Your brain vs. the machine’s brain

Machine learning works by looking at patterns, calculating the odds that one thing will follow the next.

Brains also look at patterns and predict how they go. It’s why we’ll often see things that aren’t there, or why we’re able to memorize things we chunk into patterns.

The difference between AI (artificial intelligence) and the human brain is that our brains do two things computers can’t yet do.

First, our brains consider context. Talking about shoe size can mean something different if you’re talking about a child or an adult, it can also mean something completely different in the context of a car.

In order to understand what we mean by “shoe size” we have to be given a certain context from which to identify patterns. Computers aren’t yet capable of understanding the complexities that surrounds context; things like who is asking the question or the environment it’s being asked in.

The other thing our brains do which computers can’t yet do is keep information connected outside of context.

If I say the word “size”, your brain can think not only of how it relates to shoes, but also: clothing, food servings, buildings or homes, animals, tv screens, phones, on and on the list goes.

Computers can’t yet connect one abstract or otherwise ambiguous term, like “shoe”, to all of the many, many different contexts it relates.

So when you and I have a conversation about coffee, for example, our brains are able to understand the context of a coffee shop as well as the notions of how the coffee shop often symbolizes community, conversation, air conditioning, wi-fi, tables, popular brands, business, and much more.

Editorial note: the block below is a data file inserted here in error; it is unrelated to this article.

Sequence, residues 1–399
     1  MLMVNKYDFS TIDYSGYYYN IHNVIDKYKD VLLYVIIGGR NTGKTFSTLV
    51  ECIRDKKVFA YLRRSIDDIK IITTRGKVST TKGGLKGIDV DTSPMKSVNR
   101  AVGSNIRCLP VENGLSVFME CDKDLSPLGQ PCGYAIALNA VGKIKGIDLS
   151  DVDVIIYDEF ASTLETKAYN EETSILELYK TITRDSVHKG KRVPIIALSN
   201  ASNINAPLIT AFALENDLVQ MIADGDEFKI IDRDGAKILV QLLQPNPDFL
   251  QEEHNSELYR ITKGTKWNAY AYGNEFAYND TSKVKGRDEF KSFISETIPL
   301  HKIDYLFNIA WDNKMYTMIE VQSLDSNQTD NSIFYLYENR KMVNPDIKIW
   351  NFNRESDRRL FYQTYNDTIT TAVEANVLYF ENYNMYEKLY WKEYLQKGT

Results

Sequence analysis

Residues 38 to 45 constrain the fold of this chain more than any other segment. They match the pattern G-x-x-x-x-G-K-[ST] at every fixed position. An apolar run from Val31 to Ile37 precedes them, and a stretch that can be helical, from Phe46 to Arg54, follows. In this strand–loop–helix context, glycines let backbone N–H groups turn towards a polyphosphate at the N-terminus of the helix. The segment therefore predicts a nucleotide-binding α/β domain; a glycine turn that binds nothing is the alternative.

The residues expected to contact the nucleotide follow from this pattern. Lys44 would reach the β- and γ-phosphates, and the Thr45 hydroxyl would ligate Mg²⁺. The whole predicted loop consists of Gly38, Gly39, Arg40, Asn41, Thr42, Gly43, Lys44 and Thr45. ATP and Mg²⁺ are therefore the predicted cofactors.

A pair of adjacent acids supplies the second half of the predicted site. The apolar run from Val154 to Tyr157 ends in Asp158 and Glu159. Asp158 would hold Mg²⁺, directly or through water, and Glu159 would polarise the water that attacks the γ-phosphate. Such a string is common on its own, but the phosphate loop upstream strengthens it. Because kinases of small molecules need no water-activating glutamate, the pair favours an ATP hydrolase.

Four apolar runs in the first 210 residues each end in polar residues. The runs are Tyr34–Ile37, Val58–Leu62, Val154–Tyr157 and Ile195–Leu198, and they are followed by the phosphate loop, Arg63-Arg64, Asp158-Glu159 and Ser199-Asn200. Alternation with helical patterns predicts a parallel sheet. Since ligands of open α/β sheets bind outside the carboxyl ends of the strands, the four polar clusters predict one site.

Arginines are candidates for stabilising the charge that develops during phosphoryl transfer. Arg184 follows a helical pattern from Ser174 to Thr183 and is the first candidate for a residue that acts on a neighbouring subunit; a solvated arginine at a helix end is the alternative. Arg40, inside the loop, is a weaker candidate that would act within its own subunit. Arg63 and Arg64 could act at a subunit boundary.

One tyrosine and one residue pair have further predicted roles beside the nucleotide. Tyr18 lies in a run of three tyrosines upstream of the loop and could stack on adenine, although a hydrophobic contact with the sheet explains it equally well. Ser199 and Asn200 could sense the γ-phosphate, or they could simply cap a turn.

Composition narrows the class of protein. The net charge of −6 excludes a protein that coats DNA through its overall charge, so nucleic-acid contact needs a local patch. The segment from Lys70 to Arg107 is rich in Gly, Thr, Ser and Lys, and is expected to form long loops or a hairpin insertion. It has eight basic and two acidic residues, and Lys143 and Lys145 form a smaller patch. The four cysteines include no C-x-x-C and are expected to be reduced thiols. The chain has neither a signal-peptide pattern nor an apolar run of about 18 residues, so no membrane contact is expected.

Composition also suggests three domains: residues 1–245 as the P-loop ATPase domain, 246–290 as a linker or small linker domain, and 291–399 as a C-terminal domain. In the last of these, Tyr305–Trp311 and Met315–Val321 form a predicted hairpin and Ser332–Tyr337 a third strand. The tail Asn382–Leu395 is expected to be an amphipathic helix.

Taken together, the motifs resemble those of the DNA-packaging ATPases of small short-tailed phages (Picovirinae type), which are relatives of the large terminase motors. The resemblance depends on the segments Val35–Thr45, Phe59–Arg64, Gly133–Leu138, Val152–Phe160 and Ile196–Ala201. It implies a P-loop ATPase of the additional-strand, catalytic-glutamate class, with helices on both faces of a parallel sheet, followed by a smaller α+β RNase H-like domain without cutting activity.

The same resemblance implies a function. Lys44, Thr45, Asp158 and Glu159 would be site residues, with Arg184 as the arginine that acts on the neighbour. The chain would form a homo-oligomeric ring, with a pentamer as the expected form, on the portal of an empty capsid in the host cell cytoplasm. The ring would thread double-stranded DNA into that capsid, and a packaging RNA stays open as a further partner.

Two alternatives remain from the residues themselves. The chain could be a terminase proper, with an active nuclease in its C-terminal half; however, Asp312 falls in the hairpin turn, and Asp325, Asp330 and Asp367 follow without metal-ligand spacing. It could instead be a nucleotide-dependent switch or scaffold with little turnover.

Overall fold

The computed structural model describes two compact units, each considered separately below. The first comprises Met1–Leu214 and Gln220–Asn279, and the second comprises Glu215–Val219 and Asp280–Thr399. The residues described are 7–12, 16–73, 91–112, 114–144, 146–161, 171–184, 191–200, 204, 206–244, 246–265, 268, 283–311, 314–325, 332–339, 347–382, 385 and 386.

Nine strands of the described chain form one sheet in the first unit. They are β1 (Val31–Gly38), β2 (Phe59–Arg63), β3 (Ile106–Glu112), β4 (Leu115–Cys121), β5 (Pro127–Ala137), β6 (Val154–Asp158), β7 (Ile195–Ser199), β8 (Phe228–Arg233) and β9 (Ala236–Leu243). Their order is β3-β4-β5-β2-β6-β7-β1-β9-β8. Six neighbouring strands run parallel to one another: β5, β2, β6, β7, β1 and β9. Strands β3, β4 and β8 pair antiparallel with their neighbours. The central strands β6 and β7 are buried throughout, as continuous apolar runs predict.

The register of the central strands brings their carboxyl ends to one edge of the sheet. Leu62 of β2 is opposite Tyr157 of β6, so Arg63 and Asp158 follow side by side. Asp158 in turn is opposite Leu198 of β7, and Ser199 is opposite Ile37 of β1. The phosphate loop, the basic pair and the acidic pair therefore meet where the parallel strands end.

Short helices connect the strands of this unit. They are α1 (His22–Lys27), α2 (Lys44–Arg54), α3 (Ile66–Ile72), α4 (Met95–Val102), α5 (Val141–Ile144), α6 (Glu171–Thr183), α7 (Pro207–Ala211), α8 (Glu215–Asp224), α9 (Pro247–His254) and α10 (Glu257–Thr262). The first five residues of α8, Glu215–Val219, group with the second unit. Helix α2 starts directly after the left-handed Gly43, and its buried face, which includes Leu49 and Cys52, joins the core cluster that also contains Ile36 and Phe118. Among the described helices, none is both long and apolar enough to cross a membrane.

All the computer would know is linear information it’s been trained on. Machines are limited to the patterns we, as programmers, tell it to recognize. They can only learn language in so much as we tell them what a conversation might look like, then the machine calculates the odds of what a conversation entails as it occurs.

Tell an intelligent enough computer that you’re having a bad day and it might know to respond with “I’m sorry” but won’t have any concept of whether or not to ask you if it’s because of your boss, or the weather, or simply because it’s Monday.

It’s very likely we’ll have a computer developed in the coming years that can do each of the complex things the brain can do.

But for now, today, only you and I are capable in thinking this way; of being able to relate words and concepts not only to their contexts, but to nearly everything else.

That’s what makes creativity valuable: it’s vastly more complex than what even the most powerfully intelligent computer can do.

So let’s focus on doing that more often: understanding the context of what it is we’re working on, then branching out to everything else to see what connections there might be that a computer couldn’t catch.